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Washington state government struggles with public guardianship

Under Washington law, a guardian can make important decisions for those who can't make them on their own. Among these decisions are educational choices, whether to consent to medical treatment and managing finances. Parents are more or less automatically considered the guardians of their minor children, but a court must appoint a guardian when parents have died or when individuals are incapacitated by mental illness or dementia.

Generally, the court appoints a close relative or friend who has offered to take on guardianship duties, but when no such person is available the court may have to appoint a state employee. Unfortunately, Washington's funding of public guardians - which was already low - has been hit with a 50 percent budget cut. The program has been forced to stop accepting new wards and is trying to move current wards to private guardians.

It's important to consider guardianship arrangements in estate and long-term care planning. Individuals can execute a living will to appoint someone to make decisions for them should they become incapacitated. Parents of minor children should appoint a guardian for their children in their wills.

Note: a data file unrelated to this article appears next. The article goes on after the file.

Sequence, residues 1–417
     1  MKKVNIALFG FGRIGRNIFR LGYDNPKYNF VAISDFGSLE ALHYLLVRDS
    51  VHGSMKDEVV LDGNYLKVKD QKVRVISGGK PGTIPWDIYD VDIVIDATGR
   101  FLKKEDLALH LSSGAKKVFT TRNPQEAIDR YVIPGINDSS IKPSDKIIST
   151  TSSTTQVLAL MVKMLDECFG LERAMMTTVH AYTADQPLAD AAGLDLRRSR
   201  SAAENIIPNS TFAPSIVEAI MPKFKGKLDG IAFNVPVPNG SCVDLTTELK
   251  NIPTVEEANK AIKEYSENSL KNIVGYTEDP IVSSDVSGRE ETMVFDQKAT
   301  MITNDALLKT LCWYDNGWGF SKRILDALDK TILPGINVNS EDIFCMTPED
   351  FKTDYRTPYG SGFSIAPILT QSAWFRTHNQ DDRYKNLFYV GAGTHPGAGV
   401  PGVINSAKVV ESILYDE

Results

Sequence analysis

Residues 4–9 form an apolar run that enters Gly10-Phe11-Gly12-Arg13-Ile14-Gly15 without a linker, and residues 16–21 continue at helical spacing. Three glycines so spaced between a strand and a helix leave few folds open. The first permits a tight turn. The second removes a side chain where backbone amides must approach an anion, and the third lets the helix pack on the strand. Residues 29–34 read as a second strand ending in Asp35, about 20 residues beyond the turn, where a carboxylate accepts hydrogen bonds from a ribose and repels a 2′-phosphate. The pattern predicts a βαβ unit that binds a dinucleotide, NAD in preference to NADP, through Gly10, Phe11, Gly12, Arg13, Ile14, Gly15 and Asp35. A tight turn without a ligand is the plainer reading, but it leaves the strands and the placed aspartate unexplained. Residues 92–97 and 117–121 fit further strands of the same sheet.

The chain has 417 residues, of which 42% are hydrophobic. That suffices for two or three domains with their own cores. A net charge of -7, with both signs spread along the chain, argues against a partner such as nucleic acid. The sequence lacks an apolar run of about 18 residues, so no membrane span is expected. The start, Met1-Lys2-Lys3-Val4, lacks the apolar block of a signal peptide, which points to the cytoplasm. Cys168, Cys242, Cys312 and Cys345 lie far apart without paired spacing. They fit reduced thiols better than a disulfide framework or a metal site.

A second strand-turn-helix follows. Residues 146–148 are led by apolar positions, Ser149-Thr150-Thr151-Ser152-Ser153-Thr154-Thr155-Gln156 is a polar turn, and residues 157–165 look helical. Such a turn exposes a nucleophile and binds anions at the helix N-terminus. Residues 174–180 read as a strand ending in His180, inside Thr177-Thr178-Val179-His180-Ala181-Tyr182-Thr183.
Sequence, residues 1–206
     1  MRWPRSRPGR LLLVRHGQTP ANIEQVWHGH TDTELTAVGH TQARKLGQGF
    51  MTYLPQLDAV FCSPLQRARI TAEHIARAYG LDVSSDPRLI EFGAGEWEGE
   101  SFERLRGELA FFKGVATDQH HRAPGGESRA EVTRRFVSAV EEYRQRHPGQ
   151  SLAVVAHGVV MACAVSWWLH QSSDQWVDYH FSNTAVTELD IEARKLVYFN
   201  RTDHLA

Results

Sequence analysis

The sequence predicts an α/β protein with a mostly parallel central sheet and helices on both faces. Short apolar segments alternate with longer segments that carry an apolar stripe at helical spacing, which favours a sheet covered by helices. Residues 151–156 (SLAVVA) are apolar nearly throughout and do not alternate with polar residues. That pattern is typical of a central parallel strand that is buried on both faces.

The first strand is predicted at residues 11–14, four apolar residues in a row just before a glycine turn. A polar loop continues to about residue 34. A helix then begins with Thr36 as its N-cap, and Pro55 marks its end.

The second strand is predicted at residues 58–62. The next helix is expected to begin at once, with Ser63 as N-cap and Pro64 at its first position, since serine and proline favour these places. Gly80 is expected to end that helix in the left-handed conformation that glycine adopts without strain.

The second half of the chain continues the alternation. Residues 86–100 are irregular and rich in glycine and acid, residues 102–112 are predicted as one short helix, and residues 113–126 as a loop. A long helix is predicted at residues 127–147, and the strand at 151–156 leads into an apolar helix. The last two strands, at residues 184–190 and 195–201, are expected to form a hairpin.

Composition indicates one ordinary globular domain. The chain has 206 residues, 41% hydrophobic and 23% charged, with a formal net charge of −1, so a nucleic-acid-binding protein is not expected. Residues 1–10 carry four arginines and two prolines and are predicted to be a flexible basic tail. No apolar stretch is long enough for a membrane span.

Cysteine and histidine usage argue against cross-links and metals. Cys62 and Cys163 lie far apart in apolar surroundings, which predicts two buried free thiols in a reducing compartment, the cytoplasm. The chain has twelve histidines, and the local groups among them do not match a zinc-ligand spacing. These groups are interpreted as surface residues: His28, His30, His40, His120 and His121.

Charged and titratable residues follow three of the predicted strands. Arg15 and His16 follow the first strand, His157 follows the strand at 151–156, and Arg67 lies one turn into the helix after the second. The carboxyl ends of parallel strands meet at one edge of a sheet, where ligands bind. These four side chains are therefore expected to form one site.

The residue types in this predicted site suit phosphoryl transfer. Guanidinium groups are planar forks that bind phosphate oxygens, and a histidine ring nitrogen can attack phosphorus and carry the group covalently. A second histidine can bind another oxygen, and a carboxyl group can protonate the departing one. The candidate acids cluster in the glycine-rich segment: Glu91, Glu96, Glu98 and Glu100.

The process of setting up a guardianship can raise very difficult issues of autonomy and freedom, perhaps especially when the ward is an adult. It's no small thing to give one individual legal authority over another person. When there is a disagreement about a guardianship, the dispute can get very nasty very quickly, leading to large expenses and hurt feelings within a family. A Washington attorney with experience in guardianship issues can help people to avoid these disputes or to handle them effectively when they arise.

Source: News-Tribune, "Promise we made to the incapacitated must be kept," Dennis Mahar, March6, 2014

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